By Jaime Rivera | July 24, 2013 10:54 AM
Can this be true? As Brandon and I were discussing Motorola’s new Droid line-up, I can’t lie, my initial reaction was to not care. I’ve been so disappointed in the past by last-year’s Droids that I really didn’t care enough to even gaze at the spec sheet of these phones. I was expecting the same story, where the MAXX was a battery phone, the Ultra was the “so called” flagship and then the mini was just another watered-down variant that’s not even worth your consideration. I was wrong.
At Pocketnow, most of us have always wanted one type of phone that didn’t really exist until now. There’s been this trend for the last couple of years where if you wanted a high-end device, it had to be big. I’m not sure if the true story is that OEMs have struggled to miniaturize high-end specs lately, to the point where all they could think of was to keep phones big and put them in style in order to hide the true manufacturing deficiencies they were facing, but the fact of the matter is that before yesterday, if you wanted a high-end phone, you had to be willing to accept the bulk of it.
Surely I’m not saying that big phones don’t have certain advantages. Hey, I own a Galaxy Note II and I can’t see myself going on a trip, or spending my Sunday afternoon at a coffee shop without it. Sadly, not everybody wants a big phone. I can even give you an exact number of how many people don’t. Just count how many iPhones you see on the street right now, and you’ll know that even though the average user can only differentiate a Galaxy over an iPhone because of their size, some of them chose iPhone. You and I know one is much more feature-packed than the other, but some people just don’t want to deal with the added heft, even if they cost the same amount of money.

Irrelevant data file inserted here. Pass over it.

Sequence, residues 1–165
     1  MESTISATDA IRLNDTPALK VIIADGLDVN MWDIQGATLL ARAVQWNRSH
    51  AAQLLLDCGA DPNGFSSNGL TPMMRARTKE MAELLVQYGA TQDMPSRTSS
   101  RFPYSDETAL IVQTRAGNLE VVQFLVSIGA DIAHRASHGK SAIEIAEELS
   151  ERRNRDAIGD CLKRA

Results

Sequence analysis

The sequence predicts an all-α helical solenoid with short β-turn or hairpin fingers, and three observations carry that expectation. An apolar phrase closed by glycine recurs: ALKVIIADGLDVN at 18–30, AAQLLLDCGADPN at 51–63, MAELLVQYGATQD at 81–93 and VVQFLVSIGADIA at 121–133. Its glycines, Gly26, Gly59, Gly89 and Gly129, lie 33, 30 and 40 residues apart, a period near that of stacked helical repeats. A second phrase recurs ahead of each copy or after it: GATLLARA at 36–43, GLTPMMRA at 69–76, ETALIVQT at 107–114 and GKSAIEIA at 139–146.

The problem with choosing an iPhone for many of us is that it doesn’t run Android. It was really disappointing for many of us to know that if we wanted to get a flagship experience on a small phone, it required us to completely change our platform of choice. We’ve written countless editorials here at Pocketnow and we’ve openly complained in our hang-outs of why we can’t understand this limitation. How is it that Apple can cram power into thin-and-light and others couldn’t? Well, that just changed.
Again, Motorola hasn’t been my favorite OEM for the last five years or so, but the launch of the Droid Mini has made me seriously change my mind about the company. When I started digging into the spec sheet and noticing that Motorola had just made this phone as powerful as its bigger siblings, I couldn’t believe it.
At times when all the “mini” phones have been a disappointment, one company has finally put competition to shame, and here’s why:
The Droid Mini makes the Galaxy S 4 min and HTC One mini look bad
Let’s face it, the HTC One mini is just a pretty phone, and the same goes for the Samsung Galaxy S 4 mini. We can’t help but praise HTC for the beauty involved in its design, but the spec sheet of that phone is just terrible. I still laugh when I hear some HTC representatives speak of the One mini as a device without compromise, and then tell you that it doesn’t have NFC, among other things. We all had high hopes for the HTC One mini, and then when we’re faced with so many omissions on the device, it’s just not worth it to save a couple of bucks on a lesser Android experience.
The Droid Mini even makes Nokia look bad
Nokia has recently adopted a trend that has really upset many of us here at Pocketnow. It’s no secret that most of us love wireless charging, and the fact that the Lumia 925 and the Lumia 1020 require an adaptor to get it working is simply unfortunate. At first we thought that we should cut Nokia some slack because it made sense for there to be some compromise in order to avoid the heft that many complained about the Lumia 920, but what’s the excuse now? The Droid Mini has wireless charging. Do I need to say more?
The bottom line
It’s hard to predict if the Droid Mini will sell well. Sadly it’s stuck to just one carrier, and that’s not necessarily a good thing. The fact that Motorola hasn’t cared for their reputation in the last couple of years is also a sign that it might not be as possible as it should be.
Regardless of what happens, if you’re out for a Mini phone without compromise, and Verizon is your carrier of choice, I would seriously consider this phone if I were you.
What about you? Do you like any of the new Droids announced? Leave us a comment.